"I would say IBM is the poster child. They literally faced a threat not too dissimilar to what Kodak and Xerox [confronted], in terms of a new technology staring them right in the face. Instead of increasing investment to combat the threat, they've actually borrowed a lot of money to buy back stock," the retired founder of Duquesne Capital Management said Wednesday at the Delivering Alpha conference presented by CNBC and Institutional Investor.
"Let me give you a few shocking statistics," Druckenmiller added. "IBM's sales are where they were six years ago. Despite the increase you saw in sales, industrial production and corporate customers, they've had no increase in sales whatsoever."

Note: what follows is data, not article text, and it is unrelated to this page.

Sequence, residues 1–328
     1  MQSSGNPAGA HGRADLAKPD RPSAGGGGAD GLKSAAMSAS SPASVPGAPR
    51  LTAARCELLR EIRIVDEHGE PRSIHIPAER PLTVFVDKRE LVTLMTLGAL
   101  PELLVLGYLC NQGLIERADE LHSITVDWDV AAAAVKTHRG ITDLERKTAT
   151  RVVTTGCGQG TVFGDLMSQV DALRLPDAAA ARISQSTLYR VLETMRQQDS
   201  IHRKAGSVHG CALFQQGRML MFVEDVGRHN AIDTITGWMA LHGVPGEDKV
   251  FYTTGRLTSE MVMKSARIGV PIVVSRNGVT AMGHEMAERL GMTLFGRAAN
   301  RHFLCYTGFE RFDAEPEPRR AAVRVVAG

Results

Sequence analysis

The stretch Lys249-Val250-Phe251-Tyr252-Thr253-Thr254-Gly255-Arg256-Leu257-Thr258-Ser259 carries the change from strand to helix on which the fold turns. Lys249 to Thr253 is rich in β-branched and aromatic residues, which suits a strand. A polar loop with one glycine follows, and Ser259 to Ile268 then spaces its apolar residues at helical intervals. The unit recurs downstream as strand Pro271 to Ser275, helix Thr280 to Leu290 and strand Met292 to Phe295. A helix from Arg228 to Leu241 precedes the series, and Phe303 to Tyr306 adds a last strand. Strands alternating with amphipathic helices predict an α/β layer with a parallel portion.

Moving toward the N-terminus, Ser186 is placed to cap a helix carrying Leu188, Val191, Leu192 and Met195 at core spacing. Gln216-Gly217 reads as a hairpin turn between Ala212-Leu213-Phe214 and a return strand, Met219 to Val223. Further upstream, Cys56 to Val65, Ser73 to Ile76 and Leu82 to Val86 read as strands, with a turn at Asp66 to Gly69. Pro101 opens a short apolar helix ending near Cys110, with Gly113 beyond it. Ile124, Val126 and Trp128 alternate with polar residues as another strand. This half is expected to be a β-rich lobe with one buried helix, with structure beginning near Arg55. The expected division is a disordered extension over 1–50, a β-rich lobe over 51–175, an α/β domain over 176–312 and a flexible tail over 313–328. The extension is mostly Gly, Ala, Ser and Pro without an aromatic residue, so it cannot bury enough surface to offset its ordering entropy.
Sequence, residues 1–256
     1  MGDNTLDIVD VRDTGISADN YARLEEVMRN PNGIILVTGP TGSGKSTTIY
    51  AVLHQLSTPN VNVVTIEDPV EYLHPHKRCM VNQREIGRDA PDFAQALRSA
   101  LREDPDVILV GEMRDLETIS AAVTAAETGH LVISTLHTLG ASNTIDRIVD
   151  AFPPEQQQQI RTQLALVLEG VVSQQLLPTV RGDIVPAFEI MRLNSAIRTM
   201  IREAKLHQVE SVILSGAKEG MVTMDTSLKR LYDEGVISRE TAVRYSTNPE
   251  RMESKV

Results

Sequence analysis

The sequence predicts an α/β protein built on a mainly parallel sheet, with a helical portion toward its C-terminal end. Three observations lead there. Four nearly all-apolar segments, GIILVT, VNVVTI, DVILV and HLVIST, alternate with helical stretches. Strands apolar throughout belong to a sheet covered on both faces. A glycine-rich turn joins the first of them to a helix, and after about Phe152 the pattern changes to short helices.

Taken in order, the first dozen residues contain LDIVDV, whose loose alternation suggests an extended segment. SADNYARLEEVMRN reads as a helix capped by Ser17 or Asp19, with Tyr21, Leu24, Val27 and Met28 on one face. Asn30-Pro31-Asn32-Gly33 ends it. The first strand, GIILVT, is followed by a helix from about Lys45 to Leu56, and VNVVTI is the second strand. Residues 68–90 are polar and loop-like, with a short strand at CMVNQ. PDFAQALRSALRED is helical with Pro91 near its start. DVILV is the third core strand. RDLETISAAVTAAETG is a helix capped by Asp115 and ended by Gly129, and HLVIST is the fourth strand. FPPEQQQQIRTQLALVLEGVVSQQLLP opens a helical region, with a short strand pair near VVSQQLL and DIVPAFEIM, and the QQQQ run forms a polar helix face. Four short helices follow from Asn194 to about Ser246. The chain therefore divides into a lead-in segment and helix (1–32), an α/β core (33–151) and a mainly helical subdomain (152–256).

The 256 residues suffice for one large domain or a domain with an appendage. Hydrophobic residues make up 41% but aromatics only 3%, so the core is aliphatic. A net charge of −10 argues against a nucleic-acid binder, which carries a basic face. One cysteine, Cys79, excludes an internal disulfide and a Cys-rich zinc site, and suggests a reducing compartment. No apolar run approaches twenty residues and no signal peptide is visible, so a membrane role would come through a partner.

IBM did not immediately respond to a request for comment.
Druckenmiller generally said the U.S. was in a "balance sheet recovery" and that corporations are "more interested in buying back stock and financial engineering than investing in their business."
He extended the thesis to the U.S. government. "In regards to the competitor of the Fed I just presented, they've had no increase in investment or capital spending. What have they increased? Their debt has tripled so they could triple their buyback," he said.
"This is their response. I don't mean to pick on IBM, but this is the whole U.S. economy. This is what we're doing. Capital spending is the lowest it's been relative to sales in many, many years. That's the reason productivity is down. We've got to get out of this financial engineering stuff and get more into investing in the real economy."
—By CNBC's Lawrence Delevingne